Archive for January, 2012
Jared Dillian’s brain worked very differently from most of his colleagues. He had what I’d call these emotional tectonic plates inside his head that would shift in an instant. When they shifted, they’d tremor so hard, they’d make the fault lines along the San Andreas Fault sit up straight…and that’s not counting what happened as a result from his trading.
Dillian describes his personal journey in one of the most revealing memoirs I’ve read in the past decade. He is a very genuine person and his recent book Street Freak: Money & Madness at Lehman Brothers is written with a great deal of candor. I recommend you read the book — it’s written with a great deal of honesty and you can hear it come through in the podcast.
“Throughout most my adult life, I’d always felt that I experienced things differently from other people. I felt more. Instead of getting sad, I would get really sad. Despondent. Instead of being happy, I would be delirious. I would laugh, and everybody would turn around to look at the crazy man. Now here I was, crying in the middle of Seventh Avenue. But there was no reason for the crying. I was just walking down the street, and I fell to pieces.” – from Street Freak
Dillian is the publisher of the Daily Dirt Nap Newsletter, which continues the success of the market letter he wrote for his clients over the Bloomberg while at Lehman.
Jared, Aaron Brown and I are speaking at Columbia University on February 13, 2012 for an event called the Financial Engineering Practitioners SeminarRead More
The Dog Days of Yoga
“…inhale and bring your head back with a long neck, shoulders wide and stretching down your back, roll up into an upward facing you, and with a deep exhale, roll your paws under lifting your hips towards the back of the yard into a downward facing you. Try not to look at me or the neighbor’s cat pose…focus only on your bad breath.”
I took an afternoon class with an AMAZING teacher…set myself up for a great weekend. I’ll be writing this up shortly…Read More
The CME Group is holding its annual Commodities Trading Challenge and it looks pretty awesome. These didn’t exist when I was cutting my teeth. Teams can register now and the Practice Round starts on February 13.
Here is more from their site:
“The Challenge is where colleges and universities from across the country compete in a fast-paced electronic and open outcry trading competition. This competition was originally created by The New York Mercantile Exchange and the University of Houston over ten years ago with just a small number of schools on the roster. As the markets have grown however, so has the competition, with 85 schools participating in 2011. In addition to the electronic trading segment, the University of Houston continues to serve as host for the Houston Open Outcry competition and this year we have moved the second Open Outcry component of the competition to Chicago.”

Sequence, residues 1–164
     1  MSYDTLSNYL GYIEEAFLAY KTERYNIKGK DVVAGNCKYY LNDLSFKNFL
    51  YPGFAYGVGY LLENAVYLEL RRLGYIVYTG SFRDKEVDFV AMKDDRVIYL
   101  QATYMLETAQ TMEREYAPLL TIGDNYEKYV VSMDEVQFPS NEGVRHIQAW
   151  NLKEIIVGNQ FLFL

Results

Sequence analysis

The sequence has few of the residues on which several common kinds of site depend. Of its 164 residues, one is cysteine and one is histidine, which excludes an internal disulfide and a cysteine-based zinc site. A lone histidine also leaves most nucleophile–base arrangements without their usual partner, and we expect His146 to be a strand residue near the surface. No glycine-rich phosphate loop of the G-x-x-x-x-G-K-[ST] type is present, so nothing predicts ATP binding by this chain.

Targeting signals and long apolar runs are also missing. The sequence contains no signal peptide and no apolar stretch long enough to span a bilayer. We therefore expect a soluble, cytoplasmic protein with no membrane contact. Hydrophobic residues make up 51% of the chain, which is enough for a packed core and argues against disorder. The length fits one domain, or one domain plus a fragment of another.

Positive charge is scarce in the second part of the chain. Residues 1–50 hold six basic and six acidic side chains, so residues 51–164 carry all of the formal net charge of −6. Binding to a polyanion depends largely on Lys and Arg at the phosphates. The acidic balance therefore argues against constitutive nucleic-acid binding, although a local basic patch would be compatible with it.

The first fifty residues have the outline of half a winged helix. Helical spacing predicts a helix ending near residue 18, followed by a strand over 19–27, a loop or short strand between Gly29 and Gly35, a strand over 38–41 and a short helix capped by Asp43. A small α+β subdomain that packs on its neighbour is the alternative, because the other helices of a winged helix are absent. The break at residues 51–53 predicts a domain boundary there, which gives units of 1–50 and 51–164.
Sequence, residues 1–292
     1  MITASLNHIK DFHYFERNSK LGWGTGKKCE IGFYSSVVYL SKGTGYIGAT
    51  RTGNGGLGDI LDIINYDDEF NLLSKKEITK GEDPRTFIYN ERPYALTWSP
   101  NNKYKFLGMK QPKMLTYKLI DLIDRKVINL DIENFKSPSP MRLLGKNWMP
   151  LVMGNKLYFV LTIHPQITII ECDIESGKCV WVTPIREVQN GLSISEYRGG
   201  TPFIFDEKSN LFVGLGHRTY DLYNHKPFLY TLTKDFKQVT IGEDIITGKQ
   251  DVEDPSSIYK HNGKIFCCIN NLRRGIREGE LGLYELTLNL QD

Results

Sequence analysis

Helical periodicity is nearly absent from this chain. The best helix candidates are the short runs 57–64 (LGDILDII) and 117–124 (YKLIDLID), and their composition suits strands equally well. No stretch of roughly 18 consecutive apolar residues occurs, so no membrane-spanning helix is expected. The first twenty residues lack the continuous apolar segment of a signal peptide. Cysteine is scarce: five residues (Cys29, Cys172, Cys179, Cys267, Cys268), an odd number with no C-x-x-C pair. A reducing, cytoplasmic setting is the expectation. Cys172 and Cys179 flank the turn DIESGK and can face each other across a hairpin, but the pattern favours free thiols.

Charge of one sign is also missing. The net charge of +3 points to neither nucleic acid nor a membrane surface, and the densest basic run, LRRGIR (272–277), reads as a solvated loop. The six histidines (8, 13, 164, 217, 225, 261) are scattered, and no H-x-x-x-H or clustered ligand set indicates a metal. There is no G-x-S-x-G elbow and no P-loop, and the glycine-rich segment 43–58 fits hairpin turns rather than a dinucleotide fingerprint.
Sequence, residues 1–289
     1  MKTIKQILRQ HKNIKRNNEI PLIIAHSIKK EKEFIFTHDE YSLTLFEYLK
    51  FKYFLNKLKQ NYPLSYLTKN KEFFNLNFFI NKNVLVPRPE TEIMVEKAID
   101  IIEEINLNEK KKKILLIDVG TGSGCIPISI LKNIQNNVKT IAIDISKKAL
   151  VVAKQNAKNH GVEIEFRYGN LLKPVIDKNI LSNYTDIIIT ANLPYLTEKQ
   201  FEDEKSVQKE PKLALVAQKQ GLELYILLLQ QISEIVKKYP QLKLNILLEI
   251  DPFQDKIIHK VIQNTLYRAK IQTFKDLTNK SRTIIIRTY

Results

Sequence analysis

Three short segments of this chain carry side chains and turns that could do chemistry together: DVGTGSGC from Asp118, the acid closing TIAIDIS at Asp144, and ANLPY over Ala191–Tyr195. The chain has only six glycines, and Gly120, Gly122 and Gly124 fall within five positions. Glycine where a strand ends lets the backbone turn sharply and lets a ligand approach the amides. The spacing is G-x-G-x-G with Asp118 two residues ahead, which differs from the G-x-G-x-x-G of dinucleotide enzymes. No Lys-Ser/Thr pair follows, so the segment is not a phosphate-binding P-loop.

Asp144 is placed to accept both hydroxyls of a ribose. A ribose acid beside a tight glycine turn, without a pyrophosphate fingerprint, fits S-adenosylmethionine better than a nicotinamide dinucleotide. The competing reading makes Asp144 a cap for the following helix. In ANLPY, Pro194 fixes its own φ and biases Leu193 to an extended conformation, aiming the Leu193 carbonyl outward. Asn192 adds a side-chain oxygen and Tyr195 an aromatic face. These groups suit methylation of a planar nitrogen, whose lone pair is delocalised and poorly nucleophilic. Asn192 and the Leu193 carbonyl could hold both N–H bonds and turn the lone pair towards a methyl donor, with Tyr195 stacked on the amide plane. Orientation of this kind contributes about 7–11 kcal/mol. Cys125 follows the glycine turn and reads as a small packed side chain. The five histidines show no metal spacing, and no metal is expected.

There are scholarships (and internships) available for the electronic trading component portion!!!
For more information, visit the CME Group.Read More
A lot has been written about Wayne Gretzky and his ability and his athletic genius. When Gretzky married his intellectual capacity with technical ability, he dominated opponents like no other athlete in any other sport. From an early age, Gretzky developed his inner game as much as his physical skills.
How Did Gretzky Attain His Inner Game?
Like many successful athletes, Gretzky had some great role models, mentors, and coaches, and a phenomenal set of parents. He holds 61 NHL records and he’s said that his unofficial record of the Fastest 50 Goals will be the hardest for anyone to break. He did it in 39 games. Gretzky scored a total of 9 goals in his 38th and 39th games to shatter the previous record which had been 50 games.
One of his quotes that gets used (and probably overused at this point) is “Skate where the puck is going, not where it’s been.” It brings to mind the use of intuition and anticipation, skills that traders can make use of.
The thing is, it wasn’t Wayne’s idea — it was his father’s. Walter Gretzky, Wayne’s father, had him watch Hockey Night in Canada and trace where the puck went on a piece of foolscap during an entire 20-minute period. When he was done, the darkest areas would delineate where the puck had spent the most amount of time traveling.
Young Wayne did this exercise game after game, period after period and used this insight to intuit where the puck would most likely go during a game that he would eventually play in. After years of repetition, this instinct was honed to such a level, it was impossible to defend. It was as if he knew how the play was going to unfold before it happened.
I’ve skated since I was four years old and played ice hockey competitively since I was nine years old. I saw #99 come play Madison Square Garden as an Edmonton Oiler, LA King, St. Louis Blue, and a New York Ranger. I was always amazed how the puck seemed to find its way to Wayne…and how he always seemed to know what the opponent was going to do with the puck, even if the opponent didn’t know what he was going to do with the puck.
Here is the clip of Gretzky describing the “on-screen” exercise. If you’re on the iPad, the clip starts at the 24:55 mark and goes to the 26:03 mark. Google / YouTube have not gotten the bugs out of the coding to show only the segment. Sorry for the inconvenience.
For traders, this reminds me of the exercise that Linda Bradford suggested where you trace out a certain market in 5-minute intervals to get the best feel for it.
Here is the whole 2-hour video, Ultimate Gretzky.Read More